Senate Advances Homeland Funding as House Republicans BalkHeidi Przybyla and Billy House
The Senate voted to advance a plan to finance the U.S. Department of Homeland Security, a step toward sending the funding dispute to House Speaker John Boehner to resolve.
The Senate procedural vote was 98-2. Majority Leader Mitch McConnell said he would work to get the funding measure to the House by the end of the week.
Funding for the agency expires after Friday. House Republicans have refused to consider a spending bill unless the measure also blocks President Barack Obama’s orders on immigration. The Senate plans to address the two issues in separate bills.
“All eyes now shift to the House of Representatives,” said Senate Minority Leader Harry Reid told reporters. “It’s no secret,” he said. “The Republicans in the House don’t know what they’re going to do.”
Boehner has refused to endorse McConnell’s plan. House Appropriations Chairman Hal Rogers, a Kentucky Republican, said he would support a bill that solely funds the Homeland Security agency, though it “remains to be seen” how such a measure would fare in the House.
Senate Republicans Jeff Sessions of Alabama and Jim Inhofe of Oklahoma voted not to move the funding measure forward.
Boehner and McConnell met privately Wednesday afternoon. A senior House Republican member said the meeting was described to him afterward as a careful discussion of how and when the standoff might play out. The lawmaker didn’t say whether the two leaders had arrived at a plan for reaching an agreement.
Earlier in the day, Boehner told told party members during a private meeting that he and McConnell, a fellow Republican, hadn’t spoken in two weeks, several lawmakers said.
“Our staff talk back and forth,” Boehner of Ohio told reporters when asked about contact between the leaders. “Senator McConnell’s got a big job to do; so do I.”
Meanwhile, Reid, a Nevada Democrat, said he and McConnell “have had a number of very good discussions in the last 24 hours or so.”
The risk of a partial Homeland Security shutdown comes less than two months after Republicans took control of both chambers of Congress. McConnell has insisted there will be “no government shutdowns.”
Lawmakers also risk embarrassment if they allow a partial Homeland Security shutdown lasting until March 3, when Israeli Prime Minister Benjamin Netanyahu is set to address a joint meeting of Congress on security issues.
“That would be ironic,” said Representative Raul Grijalva, a Democrat from Arizona who is co-chairman of the House Progressive Caucus.
Representative Steve King, an Iowa Republican, said, “A vast majority of DHS services -- essential services -- will not be shut down.” He added, “So, it does not mean we are at risk.”
Republicans have been trying to use the agency funding bill to block Obama’s decision in November to ease deportation for about 5 million undocumented immigrants in the U.S. The Senate failed four times to advance a House bill that linked the issues before Wednesday’s vote.
Democrats oppose any legislation to block Obama’s immigration orders. Even if such a measure gets to the president’s desk, Obama would veto it.
As the Senate moves forward, harder-line House Republicans are digging in and saying they won’t vote for any bill stripped of the Obama immigration language. Some, including Representative Marlin Stutzman of Indiana, said Boehner could face a backlash from conservatives in his conference, knowing such a bill likely would be passed with Democratic support.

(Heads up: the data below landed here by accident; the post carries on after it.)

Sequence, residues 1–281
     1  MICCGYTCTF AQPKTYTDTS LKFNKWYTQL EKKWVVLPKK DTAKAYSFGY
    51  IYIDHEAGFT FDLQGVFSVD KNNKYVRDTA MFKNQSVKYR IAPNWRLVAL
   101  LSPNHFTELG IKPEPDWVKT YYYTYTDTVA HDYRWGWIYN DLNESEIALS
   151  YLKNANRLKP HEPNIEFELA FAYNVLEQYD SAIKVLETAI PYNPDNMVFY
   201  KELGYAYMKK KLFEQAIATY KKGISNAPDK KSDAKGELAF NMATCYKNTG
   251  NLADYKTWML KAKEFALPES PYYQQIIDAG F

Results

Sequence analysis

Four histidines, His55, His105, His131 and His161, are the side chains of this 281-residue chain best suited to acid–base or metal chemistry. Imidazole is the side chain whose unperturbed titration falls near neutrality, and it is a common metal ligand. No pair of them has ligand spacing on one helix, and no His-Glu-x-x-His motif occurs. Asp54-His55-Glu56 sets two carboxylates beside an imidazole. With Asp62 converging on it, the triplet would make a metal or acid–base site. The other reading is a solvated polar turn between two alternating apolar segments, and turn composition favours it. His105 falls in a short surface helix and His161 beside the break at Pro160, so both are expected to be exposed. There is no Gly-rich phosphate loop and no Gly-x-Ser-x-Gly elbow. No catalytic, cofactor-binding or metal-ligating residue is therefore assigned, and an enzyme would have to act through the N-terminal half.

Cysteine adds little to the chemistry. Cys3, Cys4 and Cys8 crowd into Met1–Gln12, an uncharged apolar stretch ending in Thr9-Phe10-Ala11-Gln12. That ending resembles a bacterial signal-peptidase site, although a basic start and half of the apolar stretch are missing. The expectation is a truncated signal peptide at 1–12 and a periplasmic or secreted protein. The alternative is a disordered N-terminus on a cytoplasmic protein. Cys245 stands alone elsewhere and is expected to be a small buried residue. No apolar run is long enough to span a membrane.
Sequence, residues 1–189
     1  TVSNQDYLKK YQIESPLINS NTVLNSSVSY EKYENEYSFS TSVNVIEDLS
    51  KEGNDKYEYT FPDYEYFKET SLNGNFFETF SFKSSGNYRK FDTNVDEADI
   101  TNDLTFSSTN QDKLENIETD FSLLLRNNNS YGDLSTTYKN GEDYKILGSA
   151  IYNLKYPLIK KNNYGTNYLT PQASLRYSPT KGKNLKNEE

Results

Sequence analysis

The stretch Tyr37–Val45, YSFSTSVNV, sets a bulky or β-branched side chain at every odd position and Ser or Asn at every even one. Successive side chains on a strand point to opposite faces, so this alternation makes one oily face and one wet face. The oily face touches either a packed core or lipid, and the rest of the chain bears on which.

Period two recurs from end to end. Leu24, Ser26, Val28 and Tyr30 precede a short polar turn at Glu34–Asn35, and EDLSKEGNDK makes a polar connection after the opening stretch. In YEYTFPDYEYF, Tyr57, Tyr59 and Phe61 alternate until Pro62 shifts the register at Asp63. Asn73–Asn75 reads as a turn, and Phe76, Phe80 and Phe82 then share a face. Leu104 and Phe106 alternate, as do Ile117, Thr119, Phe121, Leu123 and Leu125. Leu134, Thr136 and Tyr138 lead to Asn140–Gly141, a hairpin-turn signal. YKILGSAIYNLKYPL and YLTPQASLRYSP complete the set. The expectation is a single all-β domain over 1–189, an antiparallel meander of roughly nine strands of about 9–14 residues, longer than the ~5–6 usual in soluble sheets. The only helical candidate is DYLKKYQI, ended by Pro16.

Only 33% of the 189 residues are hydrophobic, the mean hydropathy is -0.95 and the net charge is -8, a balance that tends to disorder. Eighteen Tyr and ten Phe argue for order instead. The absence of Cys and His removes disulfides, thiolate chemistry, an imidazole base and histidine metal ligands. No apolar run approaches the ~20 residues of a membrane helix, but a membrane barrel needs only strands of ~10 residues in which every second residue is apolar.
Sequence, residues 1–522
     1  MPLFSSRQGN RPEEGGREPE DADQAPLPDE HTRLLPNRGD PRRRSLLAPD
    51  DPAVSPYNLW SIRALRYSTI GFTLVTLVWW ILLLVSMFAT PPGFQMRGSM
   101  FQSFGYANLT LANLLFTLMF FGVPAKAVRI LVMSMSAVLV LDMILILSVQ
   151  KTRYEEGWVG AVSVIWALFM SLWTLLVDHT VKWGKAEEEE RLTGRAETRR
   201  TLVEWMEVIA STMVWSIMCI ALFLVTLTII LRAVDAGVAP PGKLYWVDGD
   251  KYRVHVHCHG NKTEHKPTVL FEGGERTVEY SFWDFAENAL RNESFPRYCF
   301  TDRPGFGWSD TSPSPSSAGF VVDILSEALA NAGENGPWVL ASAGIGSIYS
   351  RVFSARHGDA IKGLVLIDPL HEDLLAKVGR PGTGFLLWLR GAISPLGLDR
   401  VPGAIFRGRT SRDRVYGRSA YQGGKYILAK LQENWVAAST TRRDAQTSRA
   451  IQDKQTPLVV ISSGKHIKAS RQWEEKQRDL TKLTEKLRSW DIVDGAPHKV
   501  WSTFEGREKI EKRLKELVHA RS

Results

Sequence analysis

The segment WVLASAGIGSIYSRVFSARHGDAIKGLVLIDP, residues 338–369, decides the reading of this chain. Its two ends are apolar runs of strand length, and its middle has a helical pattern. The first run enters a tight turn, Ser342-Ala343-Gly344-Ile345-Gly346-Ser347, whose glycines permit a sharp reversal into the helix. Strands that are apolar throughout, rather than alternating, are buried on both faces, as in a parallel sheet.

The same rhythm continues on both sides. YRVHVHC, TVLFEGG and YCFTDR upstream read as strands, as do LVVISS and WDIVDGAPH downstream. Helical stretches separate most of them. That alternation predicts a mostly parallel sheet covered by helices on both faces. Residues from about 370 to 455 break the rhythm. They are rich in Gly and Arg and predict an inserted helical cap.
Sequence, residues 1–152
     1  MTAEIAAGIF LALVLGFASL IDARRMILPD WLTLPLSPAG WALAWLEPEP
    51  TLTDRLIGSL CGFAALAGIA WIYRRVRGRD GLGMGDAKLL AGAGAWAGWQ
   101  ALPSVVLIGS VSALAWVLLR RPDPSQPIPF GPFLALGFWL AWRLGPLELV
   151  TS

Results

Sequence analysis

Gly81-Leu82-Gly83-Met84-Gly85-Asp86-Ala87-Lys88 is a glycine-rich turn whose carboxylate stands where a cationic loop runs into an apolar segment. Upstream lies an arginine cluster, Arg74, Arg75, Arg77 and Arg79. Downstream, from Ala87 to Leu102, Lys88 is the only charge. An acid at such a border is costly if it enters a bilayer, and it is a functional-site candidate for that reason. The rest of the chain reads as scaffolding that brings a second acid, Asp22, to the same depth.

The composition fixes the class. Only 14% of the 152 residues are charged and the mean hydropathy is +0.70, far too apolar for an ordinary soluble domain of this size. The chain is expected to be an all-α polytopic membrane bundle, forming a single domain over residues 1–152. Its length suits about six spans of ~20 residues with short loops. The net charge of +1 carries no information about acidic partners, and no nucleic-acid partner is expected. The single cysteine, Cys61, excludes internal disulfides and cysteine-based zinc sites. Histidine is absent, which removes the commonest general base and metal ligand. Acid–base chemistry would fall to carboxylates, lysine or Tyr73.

Boehner told fellow Republicans late last year “we were going to fight it tooth and nail,” Stutzman said. “And I’ve applauded his efforts so far.”
Thirty House Republicans signed a letter urging Boehner and other party leaders not to back down, said Representative Jeff Duncan of South Carolina, who circulated the letter.
McConnell and Boehner of Ohio have been in a tug-of-war over strategy. Two weeks ago, McConnell declared the Homeland Security bill “clearly stuck in the Senate” and said the next step was up to the House. Boehner, though, insisted “the House did its job” and the Senate must make the next move.
Boehner has been under pressure from the Tea Party wing of the Republican Party to use the Homeland Security bill as leverage after the speaker promised a battle over immigration in 2015 to his rank and file.
A 16-day partial government shutdown in October 2013 was triggered by a dispute over funding Obamacare.
Under Senate rules, a vote on final passage of the spending measure couldn’t be held before Sunday unless all members agreed to a quicker schedule. Congress could pass a short-term spending bill to keep the department operating in the meantime.
Jennifer Hing, a spokeswoman for the House Appropriations Committee, said a stopgap spending measure can be prepared and ready for a vote within hours.
While Boehner wouldn’t say how the House would respond to a Senate bill that funds Homeland Security without addressing immigration, other leaders suggested possible paths forward.
House Rules Committee Chairman Pete Sessions of Texas said one option is to pass a short-term funding measure, followed by a conference committee to resolve differences between bills passed by the House and Senate. He said Republican leaders won’t necessarily adopt his preferred approach.
Several House Republicans -- John Fleming of Louisiana, Matt Salmon of Arizona and Mo Brooks of Alabama -- said they are definite “no” votes on any bill that funds Homeland Security without addressing Obama’s immigration actions.
In addition to Rogers, one Republican House member who said he could vote for such a bill is Representative John Carter of Texas, chairman of the Appropriations subcommittee on homeland security.
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